In the last decade, the computing industry has undergone a major revolution: software from suites to apps and hardware from workstations to mobile devices. The hardware platform of choice is no longer a souped up high clock-rate server class microprocessor but a system on a chip (SoC) combining a CPU, GPU, memory controller, etc., all running at very low power. The challenge is then how to partition a computation between CPU and GPU, which is done at runtime through an OpenCL kernel. This kernel is very difficult to write, because today it is based on arcane heuristics, not on an algorithm based on the system's current state.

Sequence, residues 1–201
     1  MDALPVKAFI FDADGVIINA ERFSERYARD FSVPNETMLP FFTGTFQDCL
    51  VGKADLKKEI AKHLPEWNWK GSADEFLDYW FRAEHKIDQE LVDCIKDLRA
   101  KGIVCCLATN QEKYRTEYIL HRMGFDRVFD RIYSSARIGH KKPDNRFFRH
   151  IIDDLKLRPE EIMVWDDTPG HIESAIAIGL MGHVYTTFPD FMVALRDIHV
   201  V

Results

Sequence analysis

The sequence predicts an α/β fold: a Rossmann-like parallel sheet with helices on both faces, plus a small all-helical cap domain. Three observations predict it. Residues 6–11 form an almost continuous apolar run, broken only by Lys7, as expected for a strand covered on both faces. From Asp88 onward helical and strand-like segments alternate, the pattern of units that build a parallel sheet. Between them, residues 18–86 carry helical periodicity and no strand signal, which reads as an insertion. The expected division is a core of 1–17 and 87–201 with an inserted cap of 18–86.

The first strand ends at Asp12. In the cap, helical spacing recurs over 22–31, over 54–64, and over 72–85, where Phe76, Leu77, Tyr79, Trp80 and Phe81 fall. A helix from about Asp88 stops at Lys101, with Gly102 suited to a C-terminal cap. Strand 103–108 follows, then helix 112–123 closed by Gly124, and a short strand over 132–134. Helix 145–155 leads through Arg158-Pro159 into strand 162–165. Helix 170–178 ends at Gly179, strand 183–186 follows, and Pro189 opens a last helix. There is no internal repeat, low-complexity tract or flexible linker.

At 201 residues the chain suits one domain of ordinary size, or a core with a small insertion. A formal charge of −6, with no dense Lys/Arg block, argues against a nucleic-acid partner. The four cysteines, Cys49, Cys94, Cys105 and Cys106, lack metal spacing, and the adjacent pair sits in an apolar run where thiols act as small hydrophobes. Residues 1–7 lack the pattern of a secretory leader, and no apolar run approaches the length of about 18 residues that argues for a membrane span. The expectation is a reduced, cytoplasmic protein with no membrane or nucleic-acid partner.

At the Electronic Imaging Symposium, Dr. I-Jong Lin from HP Labs will present a new theory to solve this problem. His lecture on GPU-Completeness: Theory and Implications will be in the Conference on Parallel Processing for Imaging Applications. In a nutshell, when an algorithm is transformed from serial to parallel, there is a loss of accuracy. When the accuracy vs. parallelism trade-off is exponential rather than polynomial, the problem belongs in the class of GPU-Completeness.
The algorithmic class of GPU-Completeness is defined in terms of input, output, parallel performance, and a quality metric. Dr. Lin will validate his theory with experimental data from imaging applications: color transformation, halftoning, and run length encoding.